WASHINGTON — The U.S. Army wrapped up the first round of tests of its Improved Turbine Engine Program engine that will power AH-64 Apache attack helicopters, UH-60 Black Hawk utility helos and the Future Attack Reconnaissance Aircraft.

The first engine to test began with an initial light off on March 22 and has now completed more than 100 hours of run time, the Army said in a July 7 statement.

“The event successfully verified and validated performance models on the Army’s next generation rotorcraft engine,” it said.

The Army selected the ITEP engine, built by General Electric, in February 2019, with the company receiving a $517 million award to build it. GE beat out the Advanced Turbine Engine Company — a Honeywell and Pratt & Whitney team — after a decade of competitive technology development.

While it was initially believed the timeline could be shorter to get the ITEP engine through testing and to fielding, the coronavirus pandemic caused schedule slips that have subsequently affected the FARA competitive prototyping effort which requires the ITEP engine to fly.

The Army selected Bell and Lockheed Martin to competitively build FARA prototypes with the ITEP engines. Both companies report they have nearly completed the build of their prototypes and have been using 3D printed ITEP engines in place of the real ones until the Army delivers those engines ahead of a first flight. The Army and industry competitors still hope to achieve the first flight milestone by the end of 2023.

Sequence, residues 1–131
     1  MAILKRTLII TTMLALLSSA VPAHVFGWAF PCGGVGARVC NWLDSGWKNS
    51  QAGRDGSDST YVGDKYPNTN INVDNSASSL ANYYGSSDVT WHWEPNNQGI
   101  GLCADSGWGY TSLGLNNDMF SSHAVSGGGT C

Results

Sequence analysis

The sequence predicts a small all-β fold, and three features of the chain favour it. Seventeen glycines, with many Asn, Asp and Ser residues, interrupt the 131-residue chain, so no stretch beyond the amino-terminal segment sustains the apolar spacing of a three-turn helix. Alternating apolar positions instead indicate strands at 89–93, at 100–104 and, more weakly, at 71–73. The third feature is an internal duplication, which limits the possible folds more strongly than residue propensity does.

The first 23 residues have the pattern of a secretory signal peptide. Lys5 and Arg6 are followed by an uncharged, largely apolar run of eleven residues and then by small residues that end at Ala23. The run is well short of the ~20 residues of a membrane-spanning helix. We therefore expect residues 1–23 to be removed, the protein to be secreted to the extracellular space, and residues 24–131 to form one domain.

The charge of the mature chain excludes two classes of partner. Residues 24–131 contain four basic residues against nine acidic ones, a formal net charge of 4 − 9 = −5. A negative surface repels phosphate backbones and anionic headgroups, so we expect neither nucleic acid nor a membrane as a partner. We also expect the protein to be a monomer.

The new engine provides 3,000 shaft horsepower, which will buy back lift capability, and greater fuel efficiency. It will continue on into a multi-year test campaign to reach full Army qualification, the service said in the statement, to include preliminary flight rating testing that will begin this fall through 2023.

Overall, the engine will log 5,000 hours of testing to achieve full engine qualification.

Jen Judson is an award-winning journalist covering land warfare for Defense News. She has also worked for Politico and Inside Defense. She holds a Master of Science degree in journalism from Boston University and a Bachelor of Arts degree from Kenyon College.

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